Lakshmi Mehta, M.D Medical Genetics from Mount Sinai Medical Center talks about Down Syndrome.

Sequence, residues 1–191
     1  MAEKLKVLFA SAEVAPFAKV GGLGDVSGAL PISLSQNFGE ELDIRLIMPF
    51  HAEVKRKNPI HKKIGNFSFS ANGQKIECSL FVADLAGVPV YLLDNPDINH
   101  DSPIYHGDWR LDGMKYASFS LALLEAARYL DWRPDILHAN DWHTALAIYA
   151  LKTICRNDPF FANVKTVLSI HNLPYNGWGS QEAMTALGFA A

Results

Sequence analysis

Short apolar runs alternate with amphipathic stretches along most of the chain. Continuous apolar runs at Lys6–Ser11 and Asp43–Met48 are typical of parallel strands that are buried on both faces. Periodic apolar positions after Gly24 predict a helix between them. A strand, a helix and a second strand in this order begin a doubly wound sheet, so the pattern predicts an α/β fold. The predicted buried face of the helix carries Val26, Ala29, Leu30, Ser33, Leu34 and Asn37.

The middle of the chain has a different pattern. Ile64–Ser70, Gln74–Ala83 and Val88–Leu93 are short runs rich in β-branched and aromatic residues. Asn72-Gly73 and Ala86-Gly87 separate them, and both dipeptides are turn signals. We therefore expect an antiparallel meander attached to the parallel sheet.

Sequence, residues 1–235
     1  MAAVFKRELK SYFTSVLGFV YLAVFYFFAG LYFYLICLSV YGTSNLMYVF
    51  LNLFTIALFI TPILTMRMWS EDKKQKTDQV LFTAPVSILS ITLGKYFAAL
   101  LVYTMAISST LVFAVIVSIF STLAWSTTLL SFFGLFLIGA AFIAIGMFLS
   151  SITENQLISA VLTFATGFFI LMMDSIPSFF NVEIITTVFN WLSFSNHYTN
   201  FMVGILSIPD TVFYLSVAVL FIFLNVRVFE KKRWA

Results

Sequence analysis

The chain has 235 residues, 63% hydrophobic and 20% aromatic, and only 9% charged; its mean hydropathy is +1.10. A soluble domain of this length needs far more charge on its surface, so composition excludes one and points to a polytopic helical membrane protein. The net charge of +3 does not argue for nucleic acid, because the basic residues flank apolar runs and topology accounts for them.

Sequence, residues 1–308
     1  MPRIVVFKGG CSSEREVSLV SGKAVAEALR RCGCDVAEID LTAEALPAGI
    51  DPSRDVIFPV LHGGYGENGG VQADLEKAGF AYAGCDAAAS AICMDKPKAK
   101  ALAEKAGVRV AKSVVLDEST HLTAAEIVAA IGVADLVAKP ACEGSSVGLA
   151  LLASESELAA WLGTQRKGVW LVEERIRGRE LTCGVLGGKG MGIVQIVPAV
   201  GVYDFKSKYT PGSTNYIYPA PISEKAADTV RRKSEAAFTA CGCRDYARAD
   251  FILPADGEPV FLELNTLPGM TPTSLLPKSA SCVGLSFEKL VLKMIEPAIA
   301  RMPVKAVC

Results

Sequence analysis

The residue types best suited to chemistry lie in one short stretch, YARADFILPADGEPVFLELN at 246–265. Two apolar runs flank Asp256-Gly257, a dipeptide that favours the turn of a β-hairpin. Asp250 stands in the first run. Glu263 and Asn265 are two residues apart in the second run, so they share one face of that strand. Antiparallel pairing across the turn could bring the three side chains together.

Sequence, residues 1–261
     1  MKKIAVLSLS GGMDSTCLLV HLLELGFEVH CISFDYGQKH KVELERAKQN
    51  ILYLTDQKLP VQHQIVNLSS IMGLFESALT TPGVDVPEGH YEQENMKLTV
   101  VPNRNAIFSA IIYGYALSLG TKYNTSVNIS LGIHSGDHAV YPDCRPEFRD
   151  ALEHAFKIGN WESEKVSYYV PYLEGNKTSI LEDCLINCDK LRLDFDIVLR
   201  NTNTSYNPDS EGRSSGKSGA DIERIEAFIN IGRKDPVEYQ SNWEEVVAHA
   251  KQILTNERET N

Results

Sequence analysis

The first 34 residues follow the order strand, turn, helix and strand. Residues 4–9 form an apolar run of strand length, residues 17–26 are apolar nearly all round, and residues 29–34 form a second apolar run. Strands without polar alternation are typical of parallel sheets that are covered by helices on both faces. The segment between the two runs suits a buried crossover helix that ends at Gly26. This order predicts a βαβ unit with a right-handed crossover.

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Host: The only big concern is, I don’t want my kid to have Down syndrome and I am 35 years older. Why do they worry about the age of 35 year older, is that a reason? Lakshmi Mehta: Well, the 35 is not really a magic number. Host: Well, something like that. Lakshmi Mehta: You don’t actually develop -- Host: If the women is trying to improve the about your age, what age would you do worry, 35, 38? Lakshmi Mehta: Well, the actual risk for Down syndrome in when a woman is about 35 years is like a 0.5%, so it’s about 1 in 200. Why that number keeps coming up is because when people are offered them using pessus, the risk of having using peasese is about a half percent so they picked 35 as the age where it balances the rest. Host: Neutral, okay, so 38 year old. Lakshmi Mehta: Has about a little higher 0.8%. Host And about a 40 year-old? Lakshmi Mehta: 40s about like 1, 2% and then it starts creeping up. Now today we have basically very kind of like screening programs that are available with a lot of debate about what is the best screening program for Down syndrome to offer a woman. We have a very early test, it’s called the ultra screen, which is done around even before like 9 to 10 weeks, 9 to 10, 11 weeks of pregnancy. And in that test you measure the size of the back of the neck of the fetus or it’s called a nuchal fold. And along with that -- Host: On with help of a sound? Lakshmi Mehta: By RF sound and along with that, they do free chemicals in the block and the combination of -- Host: What chemicals are usual? Lakshmi Mehta: They do HCG, they do PAPP-A and they do the nuchal thickening, so the three things together give you the risk at 9 to 10 weeks if that’s elevated and they combine it with the mother’s age, so they give you a risk figure of how likely it is based on these things that the person could be carrying a baby with Down syndrome. If that’s elevated, she can be offered an early test called the CVS test, which is done up to 12 weeks usually and she will know what comes out of the baby by that time. There is a second stage of its screening is done which is at 15 weeks in the pregnancy where again you do some of the syndrome chemistry, AFP, estriol, an HCG and then you give a risk at that point. Then there is ultrasound. Ultrasound can pick up lots of what we call soft markers, which may suggest Down syndrome. So this multiple levels at which pregnancies can be screened when you are not even 35 or even some 35, 38 year-old women who don’t want an MU could go through the screening tests. And if there is a suspicion that can be offered by MU, which is the definitive test. There is only one definitive test, it will tell you what the components are, and that’s either the MU or better you test called CVS. Host: They didn’t know, she did know -- and she has a kid born with Down syndrome. If she got pregnant again, what’s the risk of the next pregnancy? Lakshmi Mehta: It’s pretty low, so it could be above 1% we say because we’re not exactly 100% sure, what causes that extra chromosome to creeping is called nondisjunction, so it’s like a pair of chromosomes given the separate thing and to crept into one egg or one sperm. We would say about 1% or her age rated risk, which is at 42 or 45 is more than 1% Host: is there a certain thing called translocation of -- they look normal or what’s look better? Lakshmi Mehta: Right. About 94, 95% of babies with Down syndrome have the trisomy, the whole extra of number 21 chromosome which is what we said a sporadic event that you know, not inherited but may be about 3, 4% of Down syndrome babies have the extra 20s, and 21 chromosome sitting on top of another chromosome, which is called a translocation. So it’s not lying free, that’s a good reason to test every single baby with Down syndrome. Even though you know they have Down syndrome, you should establish that whether they have a trisomy or a translocation because if it’s a translocation the parent should be tested, one of them could be t